Tackle pandemic fatigue with good grace

image of torn-out newspaper headlines

When someone is adapting to loss and new ways of being in a world turned upside down by the pandemic, extend kindness and grace.

Elizabeth Hawkins, a chaplain at St. Jude Children’s Research Hospital, yearns for the real deal: packed lunches; crumpled artwork retrieved from a backpack for the refrigerator door; a brightly lit classroom decorated for the holidays.

“My son would have started kindergarten this year,” she said. Then she quickly corrected herself. Her son, in fact, currently attends virtual kindergarten from home because of the pandemic.

It’s not what she imagined.

Hawkins downplays her sadness. She understands the all-consuming worry of parents caring for children with life-threatening diseases and the profound grief of bereaved families.

Also, St. Jude families regularly go through this grief of missing out. Patients miss first days of school, high school graduations, holidays with extended family, the football games and dance recitals of siblings. This year it’s worse than ever. For example, family friends cannot visit patients, a necessary precaution to prevent the spread of COVID-19.

Hawkins contends that all grief matters, and attention must be paid to hidden grief—sorrows that are often unacknowledged or minimized by others and those who experience them.

But what’s the best way to attend to those in emotional pain?

Three pathways to saving grace

Recent headlines are bleak: “U.S. surpasses 13.8 million infections”; “Coronavirus restrictions reimposed.” For months now, many people in the nation and around the world have felt rudderless, emotionally exhausted and grief-stricken.

Hawkins says people need to remember a time-tested and simple method for allaying grief: grace toward others.

It’s not the salvation-of-sinners or the blessing-said-before-a-meal type of grace. It’s the disposition to be generous or helpful to someone in word or deed.

It’s kindness.

“We're all grieving, and we need to be kind to each other,” Hawkins explained.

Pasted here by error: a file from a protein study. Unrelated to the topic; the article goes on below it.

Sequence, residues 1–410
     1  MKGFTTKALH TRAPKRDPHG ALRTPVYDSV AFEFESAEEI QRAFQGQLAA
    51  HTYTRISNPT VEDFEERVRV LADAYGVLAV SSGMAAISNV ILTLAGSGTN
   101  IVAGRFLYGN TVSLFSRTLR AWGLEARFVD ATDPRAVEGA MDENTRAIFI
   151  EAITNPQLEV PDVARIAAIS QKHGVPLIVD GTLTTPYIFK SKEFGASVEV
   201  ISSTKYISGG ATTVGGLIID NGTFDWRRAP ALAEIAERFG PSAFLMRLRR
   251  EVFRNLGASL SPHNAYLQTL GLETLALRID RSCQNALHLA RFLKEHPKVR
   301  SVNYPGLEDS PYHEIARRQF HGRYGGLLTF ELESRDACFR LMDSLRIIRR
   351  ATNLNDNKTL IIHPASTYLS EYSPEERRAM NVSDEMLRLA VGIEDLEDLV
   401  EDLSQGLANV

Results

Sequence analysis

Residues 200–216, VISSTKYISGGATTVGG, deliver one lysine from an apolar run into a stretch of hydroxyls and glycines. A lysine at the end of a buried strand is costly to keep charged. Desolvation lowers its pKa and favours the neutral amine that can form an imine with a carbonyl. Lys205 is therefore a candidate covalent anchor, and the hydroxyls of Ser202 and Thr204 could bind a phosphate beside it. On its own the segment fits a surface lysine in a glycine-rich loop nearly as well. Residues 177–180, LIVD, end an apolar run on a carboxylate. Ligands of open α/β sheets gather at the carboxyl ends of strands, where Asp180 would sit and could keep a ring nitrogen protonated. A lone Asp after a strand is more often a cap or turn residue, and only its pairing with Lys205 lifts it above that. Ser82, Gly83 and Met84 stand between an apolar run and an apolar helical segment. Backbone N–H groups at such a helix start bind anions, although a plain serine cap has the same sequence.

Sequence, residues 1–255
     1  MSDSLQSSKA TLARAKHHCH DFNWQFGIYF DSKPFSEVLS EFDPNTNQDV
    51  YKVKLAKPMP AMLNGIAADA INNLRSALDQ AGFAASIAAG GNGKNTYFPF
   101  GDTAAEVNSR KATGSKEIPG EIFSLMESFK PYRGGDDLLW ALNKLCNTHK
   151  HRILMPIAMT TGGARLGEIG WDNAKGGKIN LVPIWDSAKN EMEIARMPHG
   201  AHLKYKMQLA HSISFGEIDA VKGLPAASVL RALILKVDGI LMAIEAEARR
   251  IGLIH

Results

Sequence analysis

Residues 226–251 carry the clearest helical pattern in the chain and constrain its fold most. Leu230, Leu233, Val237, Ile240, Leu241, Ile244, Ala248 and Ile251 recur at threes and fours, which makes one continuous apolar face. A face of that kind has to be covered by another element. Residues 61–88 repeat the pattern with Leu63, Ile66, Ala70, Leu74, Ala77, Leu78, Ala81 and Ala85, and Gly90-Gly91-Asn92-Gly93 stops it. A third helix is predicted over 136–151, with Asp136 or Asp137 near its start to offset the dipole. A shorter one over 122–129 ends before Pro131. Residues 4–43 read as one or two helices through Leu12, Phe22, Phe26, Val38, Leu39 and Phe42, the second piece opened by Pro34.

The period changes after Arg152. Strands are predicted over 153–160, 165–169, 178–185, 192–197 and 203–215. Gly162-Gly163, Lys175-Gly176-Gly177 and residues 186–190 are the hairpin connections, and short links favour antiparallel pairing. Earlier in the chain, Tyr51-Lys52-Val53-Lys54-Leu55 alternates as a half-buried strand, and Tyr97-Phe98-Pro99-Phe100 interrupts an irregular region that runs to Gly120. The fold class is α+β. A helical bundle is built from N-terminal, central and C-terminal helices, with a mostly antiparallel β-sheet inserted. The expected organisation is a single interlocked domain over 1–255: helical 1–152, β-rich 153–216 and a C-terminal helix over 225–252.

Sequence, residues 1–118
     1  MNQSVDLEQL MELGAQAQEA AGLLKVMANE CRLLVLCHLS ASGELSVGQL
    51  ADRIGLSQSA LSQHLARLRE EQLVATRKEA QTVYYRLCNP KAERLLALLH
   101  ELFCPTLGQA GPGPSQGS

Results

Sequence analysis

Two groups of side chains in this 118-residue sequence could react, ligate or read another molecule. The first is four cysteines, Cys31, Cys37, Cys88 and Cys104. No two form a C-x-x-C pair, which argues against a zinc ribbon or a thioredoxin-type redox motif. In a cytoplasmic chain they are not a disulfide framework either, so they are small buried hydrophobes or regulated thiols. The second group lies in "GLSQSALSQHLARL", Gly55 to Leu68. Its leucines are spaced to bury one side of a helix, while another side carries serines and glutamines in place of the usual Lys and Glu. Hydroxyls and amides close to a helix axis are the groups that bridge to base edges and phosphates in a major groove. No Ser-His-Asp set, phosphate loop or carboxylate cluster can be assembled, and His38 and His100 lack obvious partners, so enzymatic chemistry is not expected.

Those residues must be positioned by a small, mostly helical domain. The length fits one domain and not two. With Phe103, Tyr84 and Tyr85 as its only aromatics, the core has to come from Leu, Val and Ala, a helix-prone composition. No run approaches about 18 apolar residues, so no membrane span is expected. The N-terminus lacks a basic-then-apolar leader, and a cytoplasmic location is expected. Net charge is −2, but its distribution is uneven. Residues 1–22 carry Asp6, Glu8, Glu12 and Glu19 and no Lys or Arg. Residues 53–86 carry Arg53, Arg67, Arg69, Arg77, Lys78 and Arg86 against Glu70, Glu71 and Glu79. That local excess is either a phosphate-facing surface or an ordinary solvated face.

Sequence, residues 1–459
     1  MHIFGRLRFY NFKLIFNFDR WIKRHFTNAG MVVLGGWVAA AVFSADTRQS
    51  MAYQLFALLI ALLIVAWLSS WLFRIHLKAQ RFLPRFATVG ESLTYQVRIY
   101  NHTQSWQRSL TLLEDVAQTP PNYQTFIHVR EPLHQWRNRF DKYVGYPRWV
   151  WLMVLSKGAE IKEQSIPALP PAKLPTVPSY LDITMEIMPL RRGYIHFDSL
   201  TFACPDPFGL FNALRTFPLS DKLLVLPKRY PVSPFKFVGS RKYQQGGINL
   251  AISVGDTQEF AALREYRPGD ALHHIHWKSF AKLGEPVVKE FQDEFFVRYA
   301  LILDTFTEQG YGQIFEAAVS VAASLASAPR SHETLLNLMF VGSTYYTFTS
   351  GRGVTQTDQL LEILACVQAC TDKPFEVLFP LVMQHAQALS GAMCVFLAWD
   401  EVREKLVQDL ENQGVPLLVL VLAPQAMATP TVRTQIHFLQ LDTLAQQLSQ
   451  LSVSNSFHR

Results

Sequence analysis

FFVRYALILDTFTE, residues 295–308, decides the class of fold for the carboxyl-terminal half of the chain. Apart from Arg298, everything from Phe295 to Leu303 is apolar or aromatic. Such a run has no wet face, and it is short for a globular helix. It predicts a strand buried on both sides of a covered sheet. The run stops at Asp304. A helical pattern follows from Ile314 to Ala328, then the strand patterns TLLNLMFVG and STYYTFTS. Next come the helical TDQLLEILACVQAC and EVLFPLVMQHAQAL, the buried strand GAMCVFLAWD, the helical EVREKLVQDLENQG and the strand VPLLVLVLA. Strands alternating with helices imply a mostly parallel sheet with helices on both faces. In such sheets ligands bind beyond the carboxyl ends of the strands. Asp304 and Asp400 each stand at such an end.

So, how do we do that? How do we increase our awareness of hidden grief among patients, families and coworkers so that we’re disposed to kindness?

Hawkins recommends three pathways:

  • Recognize everyone has a story. According to Hawkins, feelings of grief are part of everyone’s story. “That's true all the time,” she said, “but it's definitely felt more acutely in the time of a pandemic when people are grieving not only death but the loss of normalcy.” All too often, our default setting is to overlook this fact.
  • Listen for emotion. In conversation, someone may tell you about a source of hidden grief—a parent who cannot plan a child's birthday party with friends, a coworker who had to cancel the regular Sunday night dinner with extended family, a grandparent who misses visits with grandchildren, a friend who couldn’t attend a family member’s funeral service. These are opportunities to respond with grace. “I have to constantly remind myself to listen, because people are sharing things that are real losses for them,” Hawkins said. 
  • Question your assumptions. If someone gets unfairly angry with you, don’t mutter a comeback under your breath. Look for other causes for this behavior: stress, fear, frustration, grief. Maybe they’re concerned about an elderly parent, job security or a postponed wedding. “I constantly remind myself that there are layers of grief underlying all of our interactions,” Hawkins said.

Grace for yourself

Extend grace to yourself, as well.

Recently, Hawkins wrote a short article with an autumn theme for the hospital's Staff Resilience Center, a program developed to boost employees’ ability to bounce back from adversity.

“I wrote that article as a reminder to myself," she said. Amid loss and grief, she wants to have light moments—time to be playful and enjoy simple pleasures.

“I love all things pumpkin,” Hawkins said. In the article, she extolled the simple pleasures of cooler temperatures, autumn leaves and homemade apple pie. 

She loves Rosh Hashana, the Jewish new year, which occurred in September this year. As part of that tradition, Jewish people eat apples dipped in honey, an optimistic act in anticipation of a sweet new year.

“I’m not Jewish, but I’m co-opting that tradition,” Hawkins said.

Grace as kindness spans religious and ethical traditions. When someone is bearing more than anyone should have to bear or adapting to losses and new ways of being in a world turned upside down by the pandemic, extend grace.

In other words, do something that you probably learned on the first day of kindergarten.

Be kind.

This article is the second in a series about coping with pandemic fatigue featuring St. Jude Psychosocial Services staff — a resilience expert, a pediatric chaplain and a clinical psychologist.

 

 

 

 


 

 

 

 

 

Pandemic fatigue can be managed by understanding your meaning and how you help others during uncertain times.

If pandemic fatigue sets in, do these things to search for meaning

 

 

More

 

About the Author

Keith Crabtree
Keith Crabtree, PhD, is a member of the Communications Department at St. Jude Children’s Hospital.